The Basic course  review is coming along. I will ask the committee involved about the images they are seeking and let you know, in case you can help. Digital photography has really revolutionized our world, allowing us to share our cases, both in seeking help and advice, as well as helping our colleagues learn from our experiences.   So please keep taking photos and sharing them with us all.
Talking of courses. The Course Development Committee is really steaming ahead with several new courses in the works. We will prepare a review of them for presenting at the Symposium and then have them available for all IWRC members in the website.
Requests for input to various research projects are occasionally sent to Kai. She will be placing them on the IWRC website. Please have a look, they may be things that are of interest to you personally, and of course, help our wildlife.
Finally, do take time to smell the roses. It is so hard to keep that space for you when every where you turn there is a mouth open waiting for food, a cage to clean, a phone ringing. We are such a special bunch of people because we do give so much of ourselves. From experience however, I can tell you that taking special time to nurture ourselves is well worth it. I am now off to smell the roses! See you in Florida.
PS Are there any veterinarians interested in joining IWRC’s Board of Directors? Please contact me asap.

President’s Report Summer 2011

Dear Colleagues
Summer is at its height in the Northern Hemisphere and rehab centers are loaded with babies and injured adults to care for, and a phone that never stops.  We often forget to take time to care for ourselves.  Having been there and gotten many tee-shirts, I can only ask you, my dear colleagues, to try and take time for yourselves.  Some years ago, I wrote a talk entitled 'Stress, burnout, compassion fatigue, and adrenal fatigue - the dark side of rehab' (yes it is a bit like do as I say and not as I do!).  In preparing for this, I asked colleagues on a rehab chat line for input, what are the worst issues you face and how do you de-stress.  One reply still resonates and I have endeavored to use it in my life.  This wise person takes time for an unbreakable date with her husband each evening, meeting on the deck at 6pm, time for being together.  My translation is nibbles, a drink, maybe a fruit juice spritzer, and M*A*S*H re-runs with my husband, so calling me between 5 and 6pm may not be a good thing.  We chat, catching up on the day and deciding what supper will be if there are no left-overs in the fridge.  Magic!  I look forward to this special time and always feel recharged afterwards.
IWRC has been busy with planning for the 2011 Symposium.  Kai and Kim will let you know the details as soon as the plans are finalized.  I look forward to meeting you in Florida this November.  Maybe we can try meeting for a drink at 5!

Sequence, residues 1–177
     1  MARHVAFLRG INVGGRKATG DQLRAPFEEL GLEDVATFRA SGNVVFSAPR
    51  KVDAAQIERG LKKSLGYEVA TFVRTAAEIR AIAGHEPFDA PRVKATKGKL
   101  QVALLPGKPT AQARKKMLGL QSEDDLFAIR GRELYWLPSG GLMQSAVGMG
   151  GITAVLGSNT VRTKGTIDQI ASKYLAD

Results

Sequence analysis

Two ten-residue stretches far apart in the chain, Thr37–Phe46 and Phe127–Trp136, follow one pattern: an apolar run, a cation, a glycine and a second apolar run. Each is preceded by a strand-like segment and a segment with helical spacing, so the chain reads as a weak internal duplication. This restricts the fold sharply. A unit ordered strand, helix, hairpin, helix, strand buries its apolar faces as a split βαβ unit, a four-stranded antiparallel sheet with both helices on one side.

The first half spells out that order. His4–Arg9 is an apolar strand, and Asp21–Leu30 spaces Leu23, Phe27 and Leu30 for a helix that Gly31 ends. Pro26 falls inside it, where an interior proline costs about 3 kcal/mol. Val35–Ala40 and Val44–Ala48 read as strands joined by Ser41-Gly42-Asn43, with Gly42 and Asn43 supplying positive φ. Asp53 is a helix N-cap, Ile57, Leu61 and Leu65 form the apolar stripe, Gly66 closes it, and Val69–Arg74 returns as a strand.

Bookings for courses are also keeping us busy.  Don't forget to check out the in person courses that may be coming to your region.  On-line courses are also being revamped and released.  There are several new and very exciting courses in the works.  Kai will let you know more next week.
Instructor Team
Did you know that all of IWRC's instructors are Certified Wildlife Rehabilitators (CWR)?  We, yes me too, have all sat this on-line exam, designed to challenge our knowledge and ensure that a pass really is quite an achievement.  IWRC is also proud to welcome new instructors on board.  If you are interested in preparing for this exam, the Basic Course is a great start.  Check out the locations of up-coming classes.  None near you?  How about hosting one?  Contact Kim at office@theiwrc.org
The Basic Course needs your help (and Nutrition Course too).
This wonderful course is in need of an update which will be tackled later on this year.  But we need images to update the PowerPoint.  Can you help please?  Topics cover a wide range, as any of you who have taken this class know, and you probably remember that many of the photos are looking rather ancient!  So, this summer, take lots of photos and share your high quality digital images with us and other rehabbers.  Topic we need digital images for include: facilities, caging, flight caging, housing, diseases, general images of wild animals, babies of all sorts, injuries, release sites and releases, laboratory set-up, digital X-ray images, safety equipment, and any thing else you would like to share with us.  We would also like to to place some of the images not used in the course in the IWRC Members site as a resource available for browsing.  Please let Kai know who took the images so we can ensure they are acknowledged correctly.  Email images to director@theiwrc.org.
The Nutrition Course is also up for review and I would like to bring more images into this course also.  So think about any photos that would be of use to illustrate nutritional issues.  Have you received an animal with severe nutritional deficiencies?  How about feather damage?  Fractures?  Please take those photos and send them to Kai.